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Editorial: Hank Palmer, public servant

The death of Hank Palmer casts a shadow over this holiday season for people who knew him through the years, and they cover several generations. From leading the Rowan County Chamber of Commerce in the 1960s to serving on the county commission in the 1990s and the ABC Board more recently, Palmer invested great time and energy into his adopted hometown.
He may have been born in Massachusetts, but Palmer’s heart was clearly right here in Salisbury and Rowan County.
Palmer was an executive with the chamber at a challenging time ó as Rowan weathered the loss of the Spencer Shops and all the railway jobs that went with it ó and was involved in the rebuilding of the county’s economic base.
He built a successful business ó Palmer’s Stationers, later Hank Palmer and Associates ó and in retirement turned to the volunteer job of being a county commissioner from 1988 to 1992. Those were contentious years for the board. In addition to dealing with the usual problems of jail overcrowding, school funding and economic development, Palmer and his fellow board members weathered the threat of a hazardous waste incinerator, a taxpayers’ revolt following revaluation, a landowners’ revolt as the county dared to talk about zoning ó which sometimes brought vicious personal attacks ó and even a debate over birth control.
Palmer’s approach to that last item was typical of his evenhanded approach to every issue. Someone had given the Health Department a grant to dispense a new kind of birth control, Norplant, to low-income women, and the Health Department needed commissioners’ OK. Fellow board member Newton Cohen didn’t like the idea at all. “I think the answer is to keep your pants zipped and maintain the family morals that this country was founded on,” he said. Like Cohen, Palmer was a Republican, but he was more moderate in his stance. “I’m all in favor of anything we can do to promote the idea of abstinence,” Palmer said, “but withholding Norplant is not going to do that.”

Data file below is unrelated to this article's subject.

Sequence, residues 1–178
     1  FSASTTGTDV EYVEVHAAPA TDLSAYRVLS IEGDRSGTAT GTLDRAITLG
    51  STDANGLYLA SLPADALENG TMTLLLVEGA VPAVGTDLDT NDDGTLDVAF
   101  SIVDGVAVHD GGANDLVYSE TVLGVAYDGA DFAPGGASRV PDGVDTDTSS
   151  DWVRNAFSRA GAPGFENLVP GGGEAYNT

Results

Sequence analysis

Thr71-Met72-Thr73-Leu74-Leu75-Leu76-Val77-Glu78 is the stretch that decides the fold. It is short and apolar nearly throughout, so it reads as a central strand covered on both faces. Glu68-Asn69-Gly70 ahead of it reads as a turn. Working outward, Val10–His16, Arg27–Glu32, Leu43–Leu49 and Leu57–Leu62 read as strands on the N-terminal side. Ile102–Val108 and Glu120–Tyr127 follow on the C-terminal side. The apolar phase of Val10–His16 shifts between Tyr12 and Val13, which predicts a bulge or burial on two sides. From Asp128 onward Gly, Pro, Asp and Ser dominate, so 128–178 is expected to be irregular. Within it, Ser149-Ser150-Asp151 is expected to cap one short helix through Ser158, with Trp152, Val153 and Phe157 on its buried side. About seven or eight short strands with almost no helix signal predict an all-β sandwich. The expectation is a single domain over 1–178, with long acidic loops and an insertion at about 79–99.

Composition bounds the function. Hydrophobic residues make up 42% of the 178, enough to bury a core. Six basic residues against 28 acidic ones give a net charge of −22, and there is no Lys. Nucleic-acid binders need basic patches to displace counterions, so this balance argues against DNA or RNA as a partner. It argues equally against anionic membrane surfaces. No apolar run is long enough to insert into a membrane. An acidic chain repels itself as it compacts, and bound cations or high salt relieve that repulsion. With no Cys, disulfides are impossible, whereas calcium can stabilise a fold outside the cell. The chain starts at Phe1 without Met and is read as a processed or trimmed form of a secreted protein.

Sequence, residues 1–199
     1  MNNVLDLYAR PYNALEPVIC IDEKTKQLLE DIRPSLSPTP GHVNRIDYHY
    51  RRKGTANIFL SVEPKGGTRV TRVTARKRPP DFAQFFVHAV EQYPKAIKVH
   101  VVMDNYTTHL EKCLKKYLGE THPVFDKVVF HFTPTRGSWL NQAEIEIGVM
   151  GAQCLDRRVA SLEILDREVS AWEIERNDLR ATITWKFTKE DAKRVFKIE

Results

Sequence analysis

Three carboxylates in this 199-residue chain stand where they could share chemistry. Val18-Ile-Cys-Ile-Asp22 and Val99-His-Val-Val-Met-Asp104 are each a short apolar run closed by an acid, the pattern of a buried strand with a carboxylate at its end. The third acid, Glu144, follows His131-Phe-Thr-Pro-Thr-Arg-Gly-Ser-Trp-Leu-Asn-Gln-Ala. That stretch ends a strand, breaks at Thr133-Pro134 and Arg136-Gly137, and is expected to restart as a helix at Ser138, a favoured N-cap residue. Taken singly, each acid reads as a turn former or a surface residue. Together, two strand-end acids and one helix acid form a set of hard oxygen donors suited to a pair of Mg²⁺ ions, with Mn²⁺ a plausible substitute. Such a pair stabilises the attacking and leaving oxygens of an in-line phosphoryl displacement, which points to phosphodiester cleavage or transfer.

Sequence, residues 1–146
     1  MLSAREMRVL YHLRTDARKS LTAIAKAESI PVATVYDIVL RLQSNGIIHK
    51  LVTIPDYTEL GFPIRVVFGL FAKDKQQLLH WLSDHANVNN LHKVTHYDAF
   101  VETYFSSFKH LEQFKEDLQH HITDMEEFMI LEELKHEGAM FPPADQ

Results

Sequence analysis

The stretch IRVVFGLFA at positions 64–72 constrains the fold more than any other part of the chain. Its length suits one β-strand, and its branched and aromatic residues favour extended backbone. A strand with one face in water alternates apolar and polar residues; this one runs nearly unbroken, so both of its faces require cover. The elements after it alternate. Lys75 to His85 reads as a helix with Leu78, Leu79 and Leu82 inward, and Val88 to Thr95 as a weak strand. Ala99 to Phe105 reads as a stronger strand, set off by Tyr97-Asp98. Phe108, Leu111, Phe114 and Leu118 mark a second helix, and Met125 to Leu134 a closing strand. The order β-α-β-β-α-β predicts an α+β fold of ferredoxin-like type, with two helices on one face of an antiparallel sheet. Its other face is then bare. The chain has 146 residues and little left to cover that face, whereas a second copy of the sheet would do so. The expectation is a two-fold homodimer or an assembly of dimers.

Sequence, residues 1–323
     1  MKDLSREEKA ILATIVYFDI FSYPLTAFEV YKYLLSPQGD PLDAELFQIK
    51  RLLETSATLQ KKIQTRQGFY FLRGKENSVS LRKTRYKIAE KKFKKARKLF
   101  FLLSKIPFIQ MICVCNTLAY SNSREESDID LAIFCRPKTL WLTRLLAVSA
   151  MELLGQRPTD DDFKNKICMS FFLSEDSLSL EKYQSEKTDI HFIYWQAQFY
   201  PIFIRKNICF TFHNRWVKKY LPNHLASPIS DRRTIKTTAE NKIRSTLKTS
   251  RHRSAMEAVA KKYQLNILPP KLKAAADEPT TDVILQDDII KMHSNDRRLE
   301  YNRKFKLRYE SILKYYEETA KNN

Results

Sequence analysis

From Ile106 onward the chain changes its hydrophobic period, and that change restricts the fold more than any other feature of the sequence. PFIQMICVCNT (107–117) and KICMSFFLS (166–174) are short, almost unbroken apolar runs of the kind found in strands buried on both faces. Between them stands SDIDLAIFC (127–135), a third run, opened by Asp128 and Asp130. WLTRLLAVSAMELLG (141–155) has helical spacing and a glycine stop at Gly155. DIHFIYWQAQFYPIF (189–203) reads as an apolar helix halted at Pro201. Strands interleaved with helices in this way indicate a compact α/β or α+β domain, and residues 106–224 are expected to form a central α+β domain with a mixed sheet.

Cohen appreciated Palmer’s style. “He was a gentleman’s gentleman,” Cohen said earlier this week. “He was the same all the time.”
That went for Palmer’s other civic and religious involvements, as well ó a gentleman’s gentleman who was engaged and active, as long as his health allowed. His death last week at the age of 90 followed a prolonged period of failing health. In most people’s minds, though, he’ll be remembered for his upbeat manner and his positive involvement in many facets of community life.
“He was not all that much of a politician,” Cohen said. “… He was just an all-round good guy.” That might be the best compliment a former public official could receive.

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